by Kathleen Teel

     In our modern society, people are staring at their phone more than talking to each other, or are they? Students at Park View are no exception, usually owning smartphones. What are they used for? Junior Andrea Garcias Gamez , uses her smartphone to contact her parents whenever she stays afterschool, and she isn’t the only one, both senior Andrew Conran and sophomore Mary Nicholes also utilize their phones to contact parents.

     However, parental communication is not the only function technology has. Technology is a means of hanging out with friends or searching for inspiration. For example, Conran spends time with his friends by playing online video games, such as Overwatch or PlayerUnknown’s Battlegrounds. “We (His friends) own them together, and they’re repeatable experiences. We can play them multiple times and still have fun,” says Conran. This is what most Conran’s weekends are, occasionally he will meet up with friends. In a similar case, Nicholes also plays Overwatch with friends, however it is not the primary way she and her friends interact with each other. Preferring texting as a way to spend time with her friends, Gamez also texts friends via apps or messaging, but does not partake in online gaming, or gaming in general.

     Physical friends are not the only people students talk to online, students like Nicholes are part of various online communities. Nicholes owns an app called Amino, which allows her to join or create fan-communities for different interests or franchises. In addition to being the co-leader of the Miitopia Amino, she is also part of four other communities.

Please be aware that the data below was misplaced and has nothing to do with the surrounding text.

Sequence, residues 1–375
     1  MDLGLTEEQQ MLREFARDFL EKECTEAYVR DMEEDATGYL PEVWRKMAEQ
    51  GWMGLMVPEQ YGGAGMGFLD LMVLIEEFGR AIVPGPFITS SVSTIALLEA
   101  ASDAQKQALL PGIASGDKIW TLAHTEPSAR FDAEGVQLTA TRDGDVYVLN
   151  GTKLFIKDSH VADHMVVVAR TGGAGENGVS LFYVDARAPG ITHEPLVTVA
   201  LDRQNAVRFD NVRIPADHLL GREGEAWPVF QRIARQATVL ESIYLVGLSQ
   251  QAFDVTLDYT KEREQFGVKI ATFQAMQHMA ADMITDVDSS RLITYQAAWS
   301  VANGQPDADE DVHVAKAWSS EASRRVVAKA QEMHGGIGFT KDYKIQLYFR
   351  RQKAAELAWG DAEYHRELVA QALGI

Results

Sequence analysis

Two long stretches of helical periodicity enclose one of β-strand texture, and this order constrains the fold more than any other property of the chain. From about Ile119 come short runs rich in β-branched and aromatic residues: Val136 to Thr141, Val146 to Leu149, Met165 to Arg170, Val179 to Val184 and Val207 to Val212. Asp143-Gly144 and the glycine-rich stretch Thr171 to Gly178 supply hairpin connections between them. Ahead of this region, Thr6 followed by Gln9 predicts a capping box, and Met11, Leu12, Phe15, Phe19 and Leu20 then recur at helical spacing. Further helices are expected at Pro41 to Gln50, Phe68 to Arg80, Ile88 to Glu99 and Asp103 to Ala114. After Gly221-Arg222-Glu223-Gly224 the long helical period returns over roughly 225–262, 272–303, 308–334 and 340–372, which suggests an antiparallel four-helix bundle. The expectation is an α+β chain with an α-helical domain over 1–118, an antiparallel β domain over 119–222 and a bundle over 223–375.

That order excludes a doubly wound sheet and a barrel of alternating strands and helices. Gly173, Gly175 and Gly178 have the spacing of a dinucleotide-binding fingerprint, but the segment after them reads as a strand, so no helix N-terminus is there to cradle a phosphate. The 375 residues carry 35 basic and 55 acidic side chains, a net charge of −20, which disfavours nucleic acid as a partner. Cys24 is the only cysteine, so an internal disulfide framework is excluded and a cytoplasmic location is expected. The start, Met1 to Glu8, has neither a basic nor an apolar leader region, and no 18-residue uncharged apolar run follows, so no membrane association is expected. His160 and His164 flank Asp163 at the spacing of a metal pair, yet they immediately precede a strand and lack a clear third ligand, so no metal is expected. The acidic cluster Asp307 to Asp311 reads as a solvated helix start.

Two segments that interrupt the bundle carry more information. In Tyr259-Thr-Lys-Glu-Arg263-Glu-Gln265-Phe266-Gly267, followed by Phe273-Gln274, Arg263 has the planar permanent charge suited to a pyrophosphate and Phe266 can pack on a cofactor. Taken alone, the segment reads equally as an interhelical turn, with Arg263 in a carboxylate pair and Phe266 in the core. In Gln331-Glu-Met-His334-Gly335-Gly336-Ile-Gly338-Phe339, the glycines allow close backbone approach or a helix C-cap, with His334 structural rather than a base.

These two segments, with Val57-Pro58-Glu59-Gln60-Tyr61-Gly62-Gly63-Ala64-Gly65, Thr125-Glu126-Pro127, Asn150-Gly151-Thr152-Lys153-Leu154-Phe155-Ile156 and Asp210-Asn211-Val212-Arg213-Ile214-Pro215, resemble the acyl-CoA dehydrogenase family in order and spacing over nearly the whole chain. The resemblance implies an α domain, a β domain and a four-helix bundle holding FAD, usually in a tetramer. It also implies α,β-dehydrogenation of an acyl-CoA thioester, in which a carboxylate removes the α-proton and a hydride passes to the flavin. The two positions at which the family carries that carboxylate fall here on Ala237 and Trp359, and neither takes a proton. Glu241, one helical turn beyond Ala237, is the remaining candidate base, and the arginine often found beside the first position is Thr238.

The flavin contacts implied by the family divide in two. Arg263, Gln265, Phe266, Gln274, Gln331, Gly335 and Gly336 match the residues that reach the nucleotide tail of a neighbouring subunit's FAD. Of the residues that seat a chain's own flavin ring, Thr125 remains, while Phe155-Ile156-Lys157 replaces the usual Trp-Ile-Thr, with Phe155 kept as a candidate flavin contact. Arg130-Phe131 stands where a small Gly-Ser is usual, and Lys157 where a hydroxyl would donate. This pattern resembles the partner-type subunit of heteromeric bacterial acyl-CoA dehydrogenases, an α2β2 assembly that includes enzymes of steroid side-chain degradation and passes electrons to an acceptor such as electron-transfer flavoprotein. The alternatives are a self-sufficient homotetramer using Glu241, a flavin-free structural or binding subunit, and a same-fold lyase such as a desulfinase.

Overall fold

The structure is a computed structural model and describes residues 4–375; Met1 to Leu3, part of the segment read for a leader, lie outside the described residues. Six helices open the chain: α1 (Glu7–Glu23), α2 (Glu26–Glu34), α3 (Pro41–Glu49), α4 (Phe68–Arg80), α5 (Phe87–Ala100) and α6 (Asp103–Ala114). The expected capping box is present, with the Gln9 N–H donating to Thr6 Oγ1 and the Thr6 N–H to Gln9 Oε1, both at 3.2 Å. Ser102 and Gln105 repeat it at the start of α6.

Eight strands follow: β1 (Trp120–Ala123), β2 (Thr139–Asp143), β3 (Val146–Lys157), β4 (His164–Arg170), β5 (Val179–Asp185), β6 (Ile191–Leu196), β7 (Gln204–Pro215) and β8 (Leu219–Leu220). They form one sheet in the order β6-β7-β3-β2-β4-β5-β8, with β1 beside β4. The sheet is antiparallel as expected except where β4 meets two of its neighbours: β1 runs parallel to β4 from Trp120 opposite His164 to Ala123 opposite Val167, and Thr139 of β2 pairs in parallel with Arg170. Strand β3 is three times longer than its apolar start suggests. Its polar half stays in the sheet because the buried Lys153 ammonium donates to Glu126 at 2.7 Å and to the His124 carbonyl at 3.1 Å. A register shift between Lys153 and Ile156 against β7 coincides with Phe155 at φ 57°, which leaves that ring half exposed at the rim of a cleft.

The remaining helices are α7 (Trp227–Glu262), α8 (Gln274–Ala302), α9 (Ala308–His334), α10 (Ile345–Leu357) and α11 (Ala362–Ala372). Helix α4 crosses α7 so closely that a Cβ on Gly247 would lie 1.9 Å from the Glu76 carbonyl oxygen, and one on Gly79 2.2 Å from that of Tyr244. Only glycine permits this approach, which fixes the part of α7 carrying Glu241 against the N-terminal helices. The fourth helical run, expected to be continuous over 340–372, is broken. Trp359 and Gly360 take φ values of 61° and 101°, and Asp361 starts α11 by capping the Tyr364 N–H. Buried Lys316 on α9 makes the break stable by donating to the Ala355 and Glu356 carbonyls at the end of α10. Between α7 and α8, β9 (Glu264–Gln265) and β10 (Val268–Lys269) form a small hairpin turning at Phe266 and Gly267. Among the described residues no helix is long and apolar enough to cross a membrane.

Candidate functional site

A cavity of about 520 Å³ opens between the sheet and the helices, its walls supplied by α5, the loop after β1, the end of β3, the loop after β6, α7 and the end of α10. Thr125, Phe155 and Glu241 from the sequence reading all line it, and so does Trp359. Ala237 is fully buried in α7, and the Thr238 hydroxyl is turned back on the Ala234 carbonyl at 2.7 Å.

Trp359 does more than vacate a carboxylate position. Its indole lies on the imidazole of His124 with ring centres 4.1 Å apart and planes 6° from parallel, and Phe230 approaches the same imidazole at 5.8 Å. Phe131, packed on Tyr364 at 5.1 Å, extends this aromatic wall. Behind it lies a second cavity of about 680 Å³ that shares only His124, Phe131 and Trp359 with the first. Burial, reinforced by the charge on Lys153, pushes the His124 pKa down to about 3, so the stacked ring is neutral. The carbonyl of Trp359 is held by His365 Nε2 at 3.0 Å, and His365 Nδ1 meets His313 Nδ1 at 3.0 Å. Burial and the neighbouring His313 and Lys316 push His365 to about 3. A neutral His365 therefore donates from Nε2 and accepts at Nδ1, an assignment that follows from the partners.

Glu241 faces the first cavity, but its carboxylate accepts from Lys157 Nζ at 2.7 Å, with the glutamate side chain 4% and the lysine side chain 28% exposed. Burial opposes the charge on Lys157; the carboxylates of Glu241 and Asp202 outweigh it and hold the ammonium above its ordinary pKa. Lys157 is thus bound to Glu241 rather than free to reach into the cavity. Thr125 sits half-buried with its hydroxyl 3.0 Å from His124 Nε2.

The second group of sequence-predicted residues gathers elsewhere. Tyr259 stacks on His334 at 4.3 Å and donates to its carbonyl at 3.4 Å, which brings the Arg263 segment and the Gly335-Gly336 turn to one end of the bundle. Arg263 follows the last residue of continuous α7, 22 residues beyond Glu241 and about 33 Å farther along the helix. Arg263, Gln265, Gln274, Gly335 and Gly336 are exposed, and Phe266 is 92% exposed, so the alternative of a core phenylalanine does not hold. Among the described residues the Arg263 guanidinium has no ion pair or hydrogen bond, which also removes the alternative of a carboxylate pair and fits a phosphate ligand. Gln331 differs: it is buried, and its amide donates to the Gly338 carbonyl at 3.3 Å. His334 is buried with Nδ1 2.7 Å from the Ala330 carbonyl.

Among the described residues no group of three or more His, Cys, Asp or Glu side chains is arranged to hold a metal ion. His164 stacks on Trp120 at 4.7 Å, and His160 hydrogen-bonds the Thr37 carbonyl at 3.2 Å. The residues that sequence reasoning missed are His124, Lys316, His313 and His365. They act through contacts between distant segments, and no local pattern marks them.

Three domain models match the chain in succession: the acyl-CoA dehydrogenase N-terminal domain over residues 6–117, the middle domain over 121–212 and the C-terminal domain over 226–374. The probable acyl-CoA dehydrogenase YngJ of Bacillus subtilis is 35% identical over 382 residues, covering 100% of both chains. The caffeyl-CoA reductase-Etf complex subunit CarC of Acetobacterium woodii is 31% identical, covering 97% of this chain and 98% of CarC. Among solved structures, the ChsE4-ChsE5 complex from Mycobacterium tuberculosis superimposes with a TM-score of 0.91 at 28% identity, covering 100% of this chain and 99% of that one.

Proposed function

Current events worm their way into social media feeds and conversations. “I learned about Hurricane Jose from a joke on Facebook.” Says Nicholes. Gamez discovers news through her friends on Instagram and her Pinterest feed. While Nicholes and Gamez don’t actively search for current news or information, Conran does. Focusing primarily on political or gaming news, due to his interest in debating with other people.

     Some students prefer speaking face to face instead of texting each other. However, Gamez thinks some students find online communication appealing because, “It’s easier to communicate emotions, maybe they have friends online but might not have a lot of real life friends. Plus, it removes anxiety.”